2017 grad heads to top-tier research university as one of only 23 in the U.S. with special scholarship.
During his high school career, VanDieren was a member of the National Honor Society, Philosophy Club and was co-founder of the National Quiz Bowl Team. He played baseball for the Fighting Irish, was awarded AP Scholar with honors, was a lead altar server, and belonged to Notre Dame’s symphonic and marching bands.
Outside of school functions, he has attained Eagle Scout status and was recently honored by the prestigious Cranbrook Institute of Science with an exhibition of a personal research project in entomology, the scientific study of insects.
VanDieren begins classes in the fall at the University of Georgia. He is one of only 23 students in the country to earn a special UGA scholarship that includes four years of fully paid tuition, room and board, and a funded international travel/study/research program at the University of Oxford during the summer of his first year at Georgia. UGA is one of the three oldest and most esteemed public universities in the United States. It is also recognized worldwide as a tier-one research institution.
This week we asked VanDieren a few questions about his career plans, the University of Georgia and his time at Notre Dame:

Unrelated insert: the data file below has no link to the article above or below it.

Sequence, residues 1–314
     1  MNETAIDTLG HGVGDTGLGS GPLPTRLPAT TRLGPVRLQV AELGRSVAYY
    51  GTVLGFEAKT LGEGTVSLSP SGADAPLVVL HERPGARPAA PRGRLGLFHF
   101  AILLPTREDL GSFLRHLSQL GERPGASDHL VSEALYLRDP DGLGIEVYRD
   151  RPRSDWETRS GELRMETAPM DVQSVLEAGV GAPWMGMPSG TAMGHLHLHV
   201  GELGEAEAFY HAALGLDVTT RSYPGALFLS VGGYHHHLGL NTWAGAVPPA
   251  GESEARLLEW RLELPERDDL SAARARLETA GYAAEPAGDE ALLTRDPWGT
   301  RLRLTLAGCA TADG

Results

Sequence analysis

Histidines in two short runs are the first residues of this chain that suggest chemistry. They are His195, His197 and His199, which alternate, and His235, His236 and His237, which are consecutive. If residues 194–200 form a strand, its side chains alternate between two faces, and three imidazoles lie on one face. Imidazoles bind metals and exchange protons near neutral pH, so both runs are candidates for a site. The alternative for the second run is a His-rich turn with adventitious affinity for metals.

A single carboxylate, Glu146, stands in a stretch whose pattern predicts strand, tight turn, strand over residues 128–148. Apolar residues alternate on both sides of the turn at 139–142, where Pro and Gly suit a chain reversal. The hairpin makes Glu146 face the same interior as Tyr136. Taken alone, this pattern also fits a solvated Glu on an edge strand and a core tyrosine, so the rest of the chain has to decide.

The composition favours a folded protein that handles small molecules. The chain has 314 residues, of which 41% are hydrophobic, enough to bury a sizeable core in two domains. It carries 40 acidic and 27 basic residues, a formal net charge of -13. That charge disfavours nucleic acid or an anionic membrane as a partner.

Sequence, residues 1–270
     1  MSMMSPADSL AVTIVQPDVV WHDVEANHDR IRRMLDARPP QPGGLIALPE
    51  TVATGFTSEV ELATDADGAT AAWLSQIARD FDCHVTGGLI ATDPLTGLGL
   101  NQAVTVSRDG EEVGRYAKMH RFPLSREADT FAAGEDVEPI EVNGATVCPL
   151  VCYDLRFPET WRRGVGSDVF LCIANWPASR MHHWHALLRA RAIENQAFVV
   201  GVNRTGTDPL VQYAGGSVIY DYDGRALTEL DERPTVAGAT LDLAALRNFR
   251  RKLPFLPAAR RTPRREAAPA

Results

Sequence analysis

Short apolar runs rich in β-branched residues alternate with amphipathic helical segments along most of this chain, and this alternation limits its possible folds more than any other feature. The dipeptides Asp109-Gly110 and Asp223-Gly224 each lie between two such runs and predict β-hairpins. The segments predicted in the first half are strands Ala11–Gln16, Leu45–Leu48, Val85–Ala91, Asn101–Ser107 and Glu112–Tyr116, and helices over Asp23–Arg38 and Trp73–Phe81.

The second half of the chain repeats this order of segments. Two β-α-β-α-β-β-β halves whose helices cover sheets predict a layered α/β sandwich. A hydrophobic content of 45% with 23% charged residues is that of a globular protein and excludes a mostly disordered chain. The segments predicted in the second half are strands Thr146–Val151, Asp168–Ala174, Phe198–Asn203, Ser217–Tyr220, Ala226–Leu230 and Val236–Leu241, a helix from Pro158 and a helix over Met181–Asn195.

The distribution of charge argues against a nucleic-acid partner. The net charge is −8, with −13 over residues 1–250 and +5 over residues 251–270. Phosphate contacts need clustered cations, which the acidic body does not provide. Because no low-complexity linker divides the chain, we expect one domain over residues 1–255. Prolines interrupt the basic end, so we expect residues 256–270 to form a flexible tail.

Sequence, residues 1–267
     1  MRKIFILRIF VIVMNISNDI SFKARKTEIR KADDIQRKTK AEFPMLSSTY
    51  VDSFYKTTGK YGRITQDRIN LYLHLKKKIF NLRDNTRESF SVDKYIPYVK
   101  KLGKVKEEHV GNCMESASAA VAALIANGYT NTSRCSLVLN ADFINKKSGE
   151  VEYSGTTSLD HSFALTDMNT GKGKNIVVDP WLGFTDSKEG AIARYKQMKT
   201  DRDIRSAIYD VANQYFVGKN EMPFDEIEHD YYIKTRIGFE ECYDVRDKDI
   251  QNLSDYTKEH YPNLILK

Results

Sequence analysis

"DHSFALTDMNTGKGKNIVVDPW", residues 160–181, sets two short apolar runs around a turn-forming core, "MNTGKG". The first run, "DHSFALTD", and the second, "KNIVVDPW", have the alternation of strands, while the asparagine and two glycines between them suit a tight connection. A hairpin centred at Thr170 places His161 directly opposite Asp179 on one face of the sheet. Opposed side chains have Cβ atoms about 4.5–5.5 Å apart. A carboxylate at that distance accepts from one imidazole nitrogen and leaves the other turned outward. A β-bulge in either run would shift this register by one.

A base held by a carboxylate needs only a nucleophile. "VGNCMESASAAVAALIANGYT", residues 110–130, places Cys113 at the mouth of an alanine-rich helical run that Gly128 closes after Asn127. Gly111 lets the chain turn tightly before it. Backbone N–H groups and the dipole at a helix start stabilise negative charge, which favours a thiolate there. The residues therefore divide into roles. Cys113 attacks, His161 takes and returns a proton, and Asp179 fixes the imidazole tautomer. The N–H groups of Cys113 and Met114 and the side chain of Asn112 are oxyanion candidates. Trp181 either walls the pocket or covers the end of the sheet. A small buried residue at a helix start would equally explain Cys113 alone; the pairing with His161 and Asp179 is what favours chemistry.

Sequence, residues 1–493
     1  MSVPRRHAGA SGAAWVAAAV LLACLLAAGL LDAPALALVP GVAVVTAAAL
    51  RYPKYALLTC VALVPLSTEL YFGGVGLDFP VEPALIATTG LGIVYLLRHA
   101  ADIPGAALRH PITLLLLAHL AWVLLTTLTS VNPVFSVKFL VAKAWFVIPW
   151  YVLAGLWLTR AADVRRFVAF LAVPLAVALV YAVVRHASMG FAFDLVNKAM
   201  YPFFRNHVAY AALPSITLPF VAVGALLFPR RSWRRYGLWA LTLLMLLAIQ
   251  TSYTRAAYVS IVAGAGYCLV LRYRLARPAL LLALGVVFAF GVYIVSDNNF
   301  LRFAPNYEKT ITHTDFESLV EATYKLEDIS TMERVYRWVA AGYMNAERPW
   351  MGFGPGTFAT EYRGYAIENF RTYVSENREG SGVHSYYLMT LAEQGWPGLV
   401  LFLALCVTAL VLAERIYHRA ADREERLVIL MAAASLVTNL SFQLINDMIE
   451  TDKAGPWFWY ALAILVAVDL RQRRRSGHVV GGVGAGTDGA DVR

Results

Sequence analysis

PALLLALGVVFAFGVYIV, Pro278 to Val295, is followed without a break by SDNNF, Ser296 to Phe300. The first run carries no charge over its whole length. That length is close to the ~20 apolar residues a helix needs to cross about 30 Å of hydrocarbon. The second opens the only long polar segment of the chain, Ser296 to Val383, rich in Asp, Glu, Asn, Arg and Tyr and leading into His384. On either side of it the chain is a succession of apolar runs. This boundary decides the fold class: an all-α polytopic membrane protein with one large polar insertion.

VanDieren: I am one of 23 Foundation Fellows in the University of Georgia Class of 2021 and just one of 10 from out of state. When I originally applied for the scholarship in late 2016, I did not really think I would have a chance because each year approximately 1,000 high school seniors apply for this. I figured I would give it a shot because UGA is one of about 10 universities in the country to offer an undergraduate entomology degree, which is a strong interest for me. In January, UGA announced 64 finalists for the scholarship, and I could not believe it when I was studying at my dining room table and received the email inviting me to the interview weekend in Athens, Georgia during our winter break. The weekend was intense because so many extremely intelligent and deserving students were brought together. After completing the group and individual interviews, I felt confident I had a shot when I was flying home from Atlanta on the Saturday night. On the following Monday night, I received the highly anticipated email saying "Congratulations Foundation Fellow!" I could not believe it.